Skip to Content

Blackbird vs Crow – What Are The Differences?

Blackbird vs Crow – What Are The Differences?

Blackbird vs crow – they are both common birds, but do you know the difference between the two?

Many people mistake these two birds for each other, which is understandable. However, even though they’re both black birds, several traits set them apart.

For example, blackbirds and crows look similar at a glance, but they’re different from each other in the shape of their tails, the shape of their beaks, their diet, size, calls, and nesting.

In this article, we’ll go over both the similarities and differences between these two birds to help you quickly identify who’s who.


Body & Shape

From a distance, blackbirds and crows look almost the same, but when taking a closer look, you can see the different physical characteristics of these birds.

One of the best indicators to tell these birds apart is by looking at their tails. When in flight, crow’s tails are fan-shaped in appearance, while blackbirds have relatively long tails that end in a point.

Brewer’s Blackbirds

Photograph © Greg Lavaty.

In addition, crows’ beaks are significantly different from blackbirds’ beaks. Crows have beaks that are nearly black; in some lighting, they look deep purple.

Their beaks are fairly large and nearly 2 inches long. Their bills are strong and slightly arched, which allows them to effortlessly consume fruits, seeds, and insects.

American Crow

© Tom Grey

Blackbirds have moderately sized bills that vary in color depending on the species. Their medium-sized bills allow them to easily consume berries, insects, and bugs. Since their bills are thin and pointed, they’re a great feature to look for when trying to identify a bird.

It shouldn’t come as a surprise that there are countless different blackbird species in the United States – from Brewer’s Blackbirds to Red-winged and Yellow-headed Blackbirds. Even orioles, grackles, and meadowlarks are part of the blackbird family.


Blackbird vs Crow Size

Another excellent characteristic to look at is the size difference between these 2 birds. On average, blackbirds are four times smaller than crows.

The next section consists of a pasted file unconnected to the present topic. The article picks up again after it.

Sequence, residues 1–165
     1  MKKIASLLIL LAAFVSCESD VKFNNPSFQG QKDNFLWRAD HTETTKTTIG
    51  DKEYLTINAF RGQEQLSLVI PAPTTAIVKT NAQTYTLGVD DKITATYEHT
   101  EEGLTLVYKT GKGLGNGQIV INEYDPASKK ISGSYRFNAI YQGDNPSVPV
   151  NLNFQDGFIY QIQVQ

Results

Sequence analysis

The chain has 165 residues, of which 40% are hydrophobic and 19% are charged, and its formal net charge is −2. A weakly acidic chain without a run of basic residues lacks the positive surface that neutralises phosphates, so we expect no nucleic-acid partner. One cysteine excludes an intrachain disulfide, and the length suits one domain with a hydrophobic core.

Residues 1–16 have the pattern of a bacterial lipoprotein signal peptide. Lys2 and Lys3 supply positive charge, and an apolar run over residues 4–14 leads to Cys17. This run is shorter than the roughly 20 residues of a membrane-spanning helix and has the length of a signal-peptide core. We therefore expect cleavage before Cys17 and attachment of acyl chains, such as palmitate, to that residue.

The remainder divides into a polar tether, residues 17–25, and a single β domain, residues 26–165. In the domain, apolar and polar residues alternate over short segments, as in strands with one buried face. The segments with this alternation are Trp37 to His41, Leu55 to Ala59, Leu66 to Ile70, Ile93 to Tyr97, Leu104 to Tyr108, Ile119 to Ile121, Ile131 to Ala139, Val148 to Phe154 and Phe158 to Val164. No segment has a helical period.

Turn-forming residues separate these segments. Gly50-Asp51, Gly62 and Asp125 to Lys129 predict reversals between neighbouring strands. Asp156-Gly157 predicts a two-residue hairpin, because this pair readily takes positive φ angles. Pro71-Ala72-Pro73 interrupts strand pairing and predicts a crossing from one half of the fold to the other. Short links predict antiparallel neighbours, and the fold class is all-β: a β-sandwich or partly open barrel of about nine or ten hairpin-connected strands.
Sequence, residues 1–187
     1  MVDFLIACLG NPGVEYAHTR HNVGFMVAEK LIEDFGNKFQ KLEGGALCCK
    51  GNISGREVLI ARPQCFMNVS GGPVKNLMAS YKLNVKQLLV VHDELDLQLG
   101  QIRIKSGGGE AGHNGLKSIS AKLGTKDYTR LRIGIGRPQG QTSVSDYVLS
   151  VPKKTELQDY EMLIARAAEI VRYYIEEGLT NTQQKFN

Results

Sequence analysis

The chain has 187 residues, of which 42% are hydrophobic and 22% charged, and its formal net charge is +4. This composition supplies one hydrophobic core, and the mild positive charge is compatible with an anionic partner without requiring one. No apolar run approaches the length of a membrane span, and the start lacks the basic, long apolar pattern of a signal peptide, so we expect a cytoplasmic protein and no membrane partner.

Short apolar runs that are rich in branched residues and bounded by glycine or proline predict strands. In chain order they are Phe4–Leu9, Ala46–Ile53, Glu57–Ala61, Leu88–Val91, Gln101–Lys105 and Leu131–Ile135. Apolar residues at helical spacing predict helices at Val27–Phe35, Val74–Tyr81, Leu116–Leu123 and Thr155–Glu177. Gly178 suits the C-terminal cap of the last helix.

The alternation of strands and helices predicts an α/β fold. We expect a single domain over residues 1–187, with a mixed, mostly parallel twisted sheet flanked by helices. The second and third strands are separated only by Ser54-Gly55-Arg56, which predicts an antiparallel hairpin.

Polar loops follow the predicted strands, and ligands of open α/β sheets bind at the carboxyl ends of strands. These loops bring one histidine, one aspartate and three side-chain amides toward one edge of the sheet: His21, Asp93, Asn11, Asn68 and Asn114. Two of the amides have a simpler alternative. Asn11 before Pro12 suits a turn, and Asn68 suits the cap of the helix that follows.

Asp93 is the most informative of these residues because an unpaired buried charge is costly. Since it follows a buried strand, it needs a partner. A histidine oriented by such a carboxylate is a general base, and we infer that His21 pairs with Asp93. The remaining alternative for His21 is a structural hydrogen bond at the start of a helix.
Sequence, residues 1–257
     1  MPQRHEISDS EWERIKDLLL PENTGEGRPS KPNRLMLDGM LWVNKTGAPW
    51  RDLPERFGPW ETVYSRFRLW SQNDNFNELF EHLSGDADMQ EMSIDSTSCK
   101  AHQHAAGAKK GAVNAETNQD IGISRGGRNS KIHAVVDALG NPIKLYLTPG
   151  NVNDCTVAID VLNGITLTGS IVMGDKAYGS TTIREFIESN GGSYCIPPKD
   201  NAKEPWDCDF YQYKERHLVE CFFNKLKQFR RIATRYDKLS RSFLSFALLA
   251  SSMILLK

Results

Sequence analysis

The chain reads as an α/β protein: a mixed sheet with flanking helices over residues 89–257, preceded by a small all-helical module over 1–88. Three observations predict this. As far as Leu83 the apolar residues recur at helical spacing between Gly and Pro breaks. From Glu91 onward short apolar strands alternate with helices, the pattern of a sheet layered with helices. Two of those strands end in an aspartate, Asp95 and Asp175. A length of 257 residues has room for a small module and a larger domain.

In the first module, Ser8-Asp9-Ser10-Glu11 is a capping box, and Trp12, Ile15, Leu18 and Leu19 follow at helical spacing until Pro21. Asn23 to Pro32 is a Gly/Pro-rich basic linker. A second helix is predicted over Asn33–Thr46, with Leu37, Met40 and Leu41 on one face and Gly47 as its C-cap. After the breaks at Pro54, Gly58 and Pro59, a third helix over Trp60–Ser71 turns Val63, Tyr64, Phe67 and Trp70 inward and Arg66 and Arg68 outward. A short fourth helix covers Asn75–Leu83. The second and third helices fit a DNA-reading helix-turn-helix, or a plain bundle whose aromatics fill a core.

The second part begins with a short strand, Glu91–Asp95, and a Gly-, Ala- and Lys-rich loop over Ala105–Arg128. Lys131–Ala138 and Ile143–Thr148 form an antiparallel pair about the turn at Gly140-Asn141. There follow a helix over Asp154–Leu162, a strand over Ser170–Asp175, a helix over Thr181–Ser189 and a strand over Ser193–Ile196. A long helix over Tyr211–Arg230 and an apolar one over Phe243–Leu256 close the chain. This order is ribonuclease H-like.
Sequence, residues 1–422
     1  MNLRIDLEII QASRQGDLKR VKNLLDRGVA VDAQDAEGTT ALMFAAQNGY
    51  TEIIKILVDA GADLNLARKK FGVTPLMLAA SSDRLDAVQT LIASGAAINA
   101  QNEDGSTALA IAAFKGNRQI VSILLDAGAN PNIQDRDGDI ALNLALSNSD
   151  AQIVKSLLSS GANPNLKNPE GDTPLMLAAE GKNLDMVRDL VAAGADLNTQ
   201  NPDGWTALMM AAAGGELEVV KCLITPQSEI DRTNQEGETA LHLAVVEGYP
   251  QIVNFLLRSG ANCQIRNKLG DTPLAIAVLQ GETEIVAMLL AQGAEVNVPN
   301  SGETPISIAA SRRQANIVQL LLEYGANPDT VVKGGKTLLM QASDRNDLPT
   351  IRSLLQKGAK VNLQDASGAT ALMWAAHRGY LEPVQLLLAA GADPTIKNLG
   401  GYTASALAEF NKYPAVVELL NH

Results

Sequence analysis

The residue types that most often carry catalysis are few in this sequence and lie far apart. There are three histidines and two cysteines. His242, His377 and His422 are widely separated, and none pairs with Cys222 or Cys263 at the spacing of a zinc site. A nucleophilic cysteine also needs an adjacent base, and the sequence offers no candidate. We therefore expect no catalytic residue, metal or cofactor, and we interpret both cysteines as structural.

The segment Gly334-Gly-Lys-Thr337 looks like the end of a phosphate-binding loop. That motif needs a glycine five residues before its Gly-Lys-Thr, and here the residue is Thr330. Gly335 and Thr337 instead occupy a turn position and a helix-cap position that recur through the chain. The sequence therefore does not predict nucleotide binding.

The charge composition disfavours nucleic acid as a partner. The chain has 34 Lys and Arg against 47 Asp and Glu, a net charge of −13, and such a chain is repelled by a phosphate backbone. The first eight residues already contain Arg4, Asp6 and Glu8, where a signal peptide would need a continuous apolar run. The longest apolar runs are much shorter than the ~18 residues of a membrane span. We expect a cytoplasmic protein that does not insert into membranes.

The average adult blackbird weighs around a 1/4 of a pound, and the average adult crow weighs around 1 pound.

Related: Blackbird vs Crow vs Raven

Additionally, blackbirds vary in size but are usually 9 to 11 inches long, and crows are 16 to 20 inches long. This makes them easily visible when they’re perched in dense trees.



Crows have a larger wingspan than blackbirds. Crows have a steady, frequent “rowing” wing-beat and don’t glide at all. Blackbirds fly with rapid wing beats that are mixed with short glides.

fish crow

Fish Crow. Photograph © Greg Lavaty.

Crows fly about the same speed as blackbirds, even though they have a longer wingspan. Blackbirds fly at a speed of 17 to 28 mph, while crows have an average speed of 30 mph.



On average, crows live longer than blackbirds. The average lifespan of a crow is 7 to 8 years, while blackbirds live to be about 4 years old.

American Crows are incredibly susceptible to the West Nile virus. This virus was introduced to North America in 1999. Almost all crows that contract this virus will die within 1 week. No other bird in North America is as susceptible to this disease as the American Crow, and population loss in some areas was severe.

Related: Are blackbirds good or bad omens?

Blackbirds are most susceptible to pesticides. However, gardeners can help prevent blackbird deaths by not using garden chemicals and planting shrubbery that produces berries and attracts caterpillars.

Of course, both of these birds can live to be a lot older if they remain safe from threats in the wild. In captivity, where proper nutrition is given and they are safe from all dangers, crows live up to an average age of 30 years, and blackbirds live up to an average age of 21 years.


Blackbird vs Crow Behavior

Blackbirds are monogamous birds and usually migrate a lot farther than crows do. However, they’re birds that don’t do well around humans and pets. Crows thrive in environments like this, allowing them not to travel as far. Blackbirds are monogamous, and both parents will help raise the young. However, female blackbirds are usually the ones to build the nest.

Pair of crows

Crows engage in winter brooding. This involves them gathering in hundreds or thousands in habitats with large trees. They usually engage in this in the afternoon and will move to their permanent site during the night. Additionally, crows are cooperative breeders.

Related: How to attract crows?

This means some offspring will not leave the nest and start their own families. Instead, they’ll remain at the nesting site to raise other young crows that aren’t their own and defend against predators.

American crows are known to engage in a behavior called anting. Anting is a unique process that allows birds to fend off any parasites. Anting involves standing on an anthill and allowing ants to climb on them. They’ll then rub the ants throughout their feathers.


Blackbird vs Crow Diet

Blackbirds primarily consume grains and seeds, but like a lot of small birds, they also eat insects when they’re plentiful in the summer. Blackbirds will consume almost anything in outdoor cafés, parks, and towns.

They’ve also been seen eating young voles, small frogs, Brewer’s Sparrows, and Ring-necked Pheasant nestlings. Around marshes, they can be seen walking on lily pads and hunting aquatic insects.